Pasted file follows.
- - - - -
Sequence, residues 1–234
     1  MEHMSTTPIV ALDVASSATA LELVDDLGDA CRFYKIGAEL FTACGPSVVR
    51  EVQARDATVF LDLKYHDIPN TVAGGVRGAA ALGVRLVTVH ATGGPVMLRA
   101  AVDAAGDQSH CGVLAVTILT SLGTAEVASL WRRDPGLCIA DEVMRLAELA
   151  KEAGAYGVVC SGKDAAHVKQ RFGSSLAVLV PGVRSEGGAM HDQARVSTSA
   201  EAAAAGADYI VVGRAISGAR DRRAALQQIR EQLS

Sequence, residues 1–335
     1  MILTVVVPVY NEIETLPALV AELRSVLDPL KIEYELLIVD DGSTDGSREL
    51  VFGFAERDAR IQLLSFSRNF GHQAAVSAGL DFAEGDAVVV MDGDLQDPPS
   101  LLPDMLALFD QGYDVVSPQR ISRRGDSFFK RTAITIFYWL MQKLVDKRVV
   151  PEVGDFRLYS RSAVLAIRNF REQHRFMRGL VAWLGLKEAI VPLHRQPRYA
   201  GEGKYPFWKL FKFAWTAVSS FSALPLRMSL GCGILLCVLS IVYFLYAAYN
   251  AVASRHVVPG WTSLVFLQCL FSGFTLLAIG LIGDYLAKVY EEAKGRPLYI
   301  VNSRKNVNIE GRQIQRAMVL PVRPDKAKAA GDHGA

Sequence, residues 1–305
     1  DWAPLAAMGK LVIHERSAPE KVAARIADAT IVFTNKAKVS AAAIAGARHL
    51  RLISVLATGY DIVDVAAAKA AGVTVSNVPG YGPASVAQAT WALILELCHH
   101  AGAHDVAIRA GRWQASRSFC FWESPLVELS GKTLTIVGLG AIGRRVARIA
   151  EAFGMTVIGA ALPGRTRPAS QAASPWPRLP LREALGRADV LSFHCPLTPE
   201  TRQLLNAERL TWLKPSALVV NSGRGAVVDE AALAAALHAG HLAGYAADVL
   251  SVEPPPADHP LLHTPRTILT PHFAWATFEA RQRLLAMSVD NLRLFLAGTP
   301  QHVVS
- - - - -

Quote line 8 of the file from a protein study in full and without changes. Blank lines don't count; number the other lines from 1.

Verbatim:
     1  MILTVVVPVY NEIETLPALV AELRSVLDPL KIEYELLIVD DGSTDGSREL